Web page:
Given that the waiting area was completely empty, my name was called immediately. The first room I was led to by a nurse had a blue patient chair identical to the one I had grown up seeing in my pediatrician’s office. This space was stuffed with boxes of medical supplies that all neatly tucked into grey cabinets. The nurse invited me to sit down and asked me what I knew about the thing I planned to get inserted into my arm. I had conducted a lot of research and rambled on with whatever facts spontaneously popped into my head.
She joked that I knew more about Nexplanon than she did which made me laugh and eased up my fear in the process. She asked me if I had a partner, if they were long term, if they had a penis or vagina, and when the last date of my STD test had been. I had never done one, so she said we would get one done in the other room, and that it involved sticking a swab in my vagina. I was most definitely not expecting that and broke the news that I hadn’t had sex before. She was so taken aback that she told me she’d brag to her nieces about me, making me laugh even harder than the first time.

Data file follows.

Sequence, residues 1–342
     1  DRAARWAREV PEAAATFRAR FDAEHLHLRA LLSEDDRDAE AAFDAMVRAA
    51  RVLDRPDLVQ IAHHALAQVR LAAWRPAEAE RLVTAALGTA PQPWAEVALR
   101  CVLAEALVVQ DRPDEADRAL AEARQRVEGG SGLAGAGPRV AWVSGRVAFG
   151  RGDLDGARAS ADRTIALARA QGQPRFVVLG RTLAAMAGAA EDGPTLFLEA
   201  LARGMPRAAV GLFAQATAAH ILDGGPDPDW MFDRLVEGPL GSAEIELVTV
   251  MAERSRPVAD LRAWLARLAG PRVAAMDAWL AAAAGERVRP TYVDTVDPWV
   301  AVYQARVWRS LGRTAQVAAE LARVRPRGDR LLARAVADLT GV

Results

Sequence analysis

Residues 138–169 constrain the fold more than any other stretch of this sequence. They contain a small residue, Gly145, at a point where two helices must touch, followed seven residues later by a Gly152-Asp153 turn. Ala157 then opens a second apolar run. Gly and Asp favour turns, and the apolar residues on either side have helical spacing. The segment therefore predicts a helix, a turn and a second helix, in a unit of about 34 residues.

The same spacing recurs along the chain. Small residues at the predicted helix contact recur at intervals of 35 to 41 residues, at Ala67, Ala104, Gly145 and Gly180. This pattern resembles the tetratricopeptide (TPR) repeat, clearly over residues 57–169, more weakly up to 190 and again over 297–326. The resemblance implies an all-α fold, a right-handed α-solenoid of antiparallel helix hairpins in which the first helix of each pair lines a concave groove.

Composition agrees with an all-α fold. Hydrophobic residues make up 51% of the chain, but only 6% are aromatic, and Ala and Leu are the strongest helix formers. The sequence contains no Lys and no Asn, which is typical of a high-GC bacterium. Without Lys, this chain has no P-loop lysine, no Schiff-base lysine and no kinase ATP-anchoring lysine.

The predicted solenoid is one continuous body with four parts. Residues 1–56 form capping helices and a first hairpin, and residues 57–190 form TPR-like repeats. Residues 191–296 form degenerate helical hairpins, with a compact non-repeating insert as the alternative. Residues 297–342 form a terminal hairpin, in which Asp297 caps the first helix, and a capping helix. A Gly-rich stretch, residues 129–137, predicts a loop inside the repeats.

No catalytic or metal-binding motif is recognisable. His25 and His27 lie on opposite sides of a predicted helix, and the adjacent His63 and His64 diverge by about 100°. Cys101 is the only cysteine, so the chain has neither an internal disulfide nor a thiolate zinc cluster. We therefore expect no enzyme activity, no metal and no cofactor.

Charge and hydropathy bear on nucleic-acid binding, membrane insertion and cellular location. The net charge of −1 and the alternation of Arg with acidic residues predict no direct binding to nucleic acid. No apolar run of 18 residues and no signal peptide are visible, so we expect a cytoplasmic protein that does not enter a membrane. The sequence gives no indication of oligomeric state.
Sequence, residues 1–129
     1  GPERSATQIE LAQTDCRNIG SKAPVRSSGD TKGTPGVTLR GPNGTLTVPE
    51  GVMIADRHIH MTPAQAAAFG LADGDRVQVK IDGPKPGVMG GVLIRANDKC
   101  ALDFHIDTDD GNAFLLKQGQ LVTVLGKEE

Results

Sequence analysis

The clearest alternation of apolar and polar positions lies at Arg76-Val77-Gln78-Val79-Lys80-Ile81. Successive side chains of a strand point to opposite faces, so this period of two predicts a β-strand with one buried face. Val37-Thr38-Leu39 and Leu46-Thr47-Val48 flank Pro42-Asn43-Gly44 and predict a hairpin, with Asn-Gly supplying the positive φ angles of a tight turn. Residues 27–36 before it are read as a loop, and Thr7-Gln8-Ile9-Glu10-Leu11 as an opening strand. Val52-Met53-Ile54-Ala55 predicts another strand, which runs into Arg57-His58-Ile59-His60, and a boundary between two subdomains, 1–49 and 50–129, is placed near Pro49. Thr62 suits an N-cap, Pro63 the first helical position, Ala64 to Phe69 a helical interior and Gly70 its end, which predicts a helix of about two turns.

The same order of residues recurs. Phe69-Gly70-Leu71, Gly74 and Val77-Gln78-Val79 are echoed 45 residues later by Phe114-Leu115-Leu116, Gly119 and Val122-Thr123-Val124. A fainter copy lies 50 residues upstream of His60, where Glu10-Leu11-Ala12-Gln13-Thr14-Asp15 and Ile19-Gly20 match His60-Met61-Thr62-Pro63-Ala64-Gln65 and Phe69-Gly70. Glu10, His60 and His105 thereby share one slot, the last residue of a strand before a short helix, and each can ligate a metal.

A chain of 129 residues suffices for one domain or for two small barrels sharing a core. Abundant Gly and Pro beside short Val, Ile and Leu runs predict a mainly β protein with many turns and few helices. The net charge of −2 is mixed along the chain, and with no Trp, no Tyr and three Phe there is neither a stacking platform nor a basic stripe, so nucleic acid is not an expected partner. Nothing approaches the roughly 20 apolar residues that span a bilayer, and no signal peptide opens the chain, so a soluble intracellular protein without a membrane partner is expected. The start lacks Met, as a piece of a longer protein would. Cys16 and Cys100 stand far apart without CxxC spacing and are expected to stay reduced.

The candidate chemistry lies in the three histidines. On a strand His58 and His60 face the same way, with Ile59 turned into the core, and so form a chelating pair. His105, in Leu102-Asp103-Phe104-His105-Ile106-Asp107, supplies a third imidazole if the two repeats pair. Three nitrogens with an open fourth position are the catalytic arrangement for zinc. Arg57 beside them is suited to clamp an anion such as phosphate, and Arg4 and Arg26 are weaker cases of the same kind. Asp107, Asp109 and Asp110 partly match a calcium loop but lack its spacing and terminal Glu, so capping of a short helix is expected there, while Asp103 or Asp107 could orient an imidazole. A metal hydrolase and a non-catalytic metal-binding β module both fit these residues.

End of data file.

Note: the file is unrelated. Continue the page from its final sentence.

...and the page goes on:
The reason I had chosen to get Nexplanon inserted before having sex was because much of the attitude I had been raised with was school first, then romance. Once school and romance intersected, I knew that I simply could not afford to get pregnant during this time in my life, so I took preventative measures to ensure that I wouldn’t, and luckily my insurance covered it.